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How to trade chart patterns (Part 4)


As we know, one of premise of technical analysis is history repeats itseilf. In other words, human behavior tends not to change. Then technical analysts study chart patterns, which reveal the psychology of the market. Chart patterns worked well in the past. They are assumed to work well in the future. Hence, the future is predictable. In this topic, we will define chart patterns and how to trade based on those patterns.

Falling Wedge Continuation

A bullish falling wedge is a bullish pattern. The prior trend is an uptrend. It begins wide at the top and contracts as prices move lower. Then it forms a cone or a wedge that slopes down as the reaction highs and reaction lows converge. Bullish confirmation does not occur until the resistance line is broken. Hence, we need to wait for a true break for further confirmation. The falling wedge is either a continuation pattern or reversal pattern. Regardless of the type, falling wedges are regarded as bullish patterns.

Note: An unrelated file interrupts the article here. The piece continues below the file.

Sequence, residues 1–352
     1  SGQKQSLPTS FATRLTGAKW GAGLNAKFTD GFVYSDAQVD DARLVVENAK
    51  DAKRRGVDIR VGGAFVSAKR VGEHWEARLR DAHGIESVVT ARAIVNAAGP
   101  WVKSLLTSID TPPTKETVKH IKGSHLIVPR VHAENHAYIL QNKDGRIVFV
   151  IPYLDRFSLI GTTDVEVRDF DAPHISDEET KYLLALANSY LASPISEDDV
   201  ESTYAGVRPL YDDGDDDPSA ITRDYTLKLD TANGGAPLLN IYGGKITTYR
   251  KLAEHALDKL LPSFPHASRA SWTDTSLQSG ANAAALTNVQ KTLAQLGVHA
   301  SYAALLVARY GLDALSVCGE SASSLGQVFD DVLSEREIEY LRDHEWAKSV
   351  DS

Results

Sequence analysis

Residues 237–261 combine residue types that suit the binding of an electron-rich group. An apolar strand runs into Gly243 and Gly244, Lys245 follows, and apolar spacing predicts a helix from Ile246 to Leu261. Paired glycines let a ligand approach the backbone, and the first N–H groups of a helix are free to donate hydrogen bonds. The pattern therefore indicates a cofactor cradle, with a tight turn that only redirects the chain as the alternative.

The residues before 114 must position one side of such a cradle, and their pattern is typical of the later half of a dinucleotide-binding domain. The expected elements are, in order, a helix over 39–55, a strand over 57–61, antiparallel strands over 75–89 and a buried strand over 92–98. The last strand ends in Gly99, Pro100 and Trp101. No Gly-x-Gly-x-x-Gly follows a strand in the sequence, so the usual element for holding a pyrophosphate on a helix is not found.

Falling Wedge reversal

This pattern is the same with falling wedge continuation exeption for one thing the prior trend is a downtrend. It warns a decrease in downside momentum and alert technicians to a potential trend reversal. Sellers are losing their interest. However, demand does not win out until resistance is broken. Hence, it is important to wait for a breakout.

Trading wedge pattern

The example below describes how to trade a falling wedge reversal. A buy order should be placed above an eventual breakout point near 1.5900.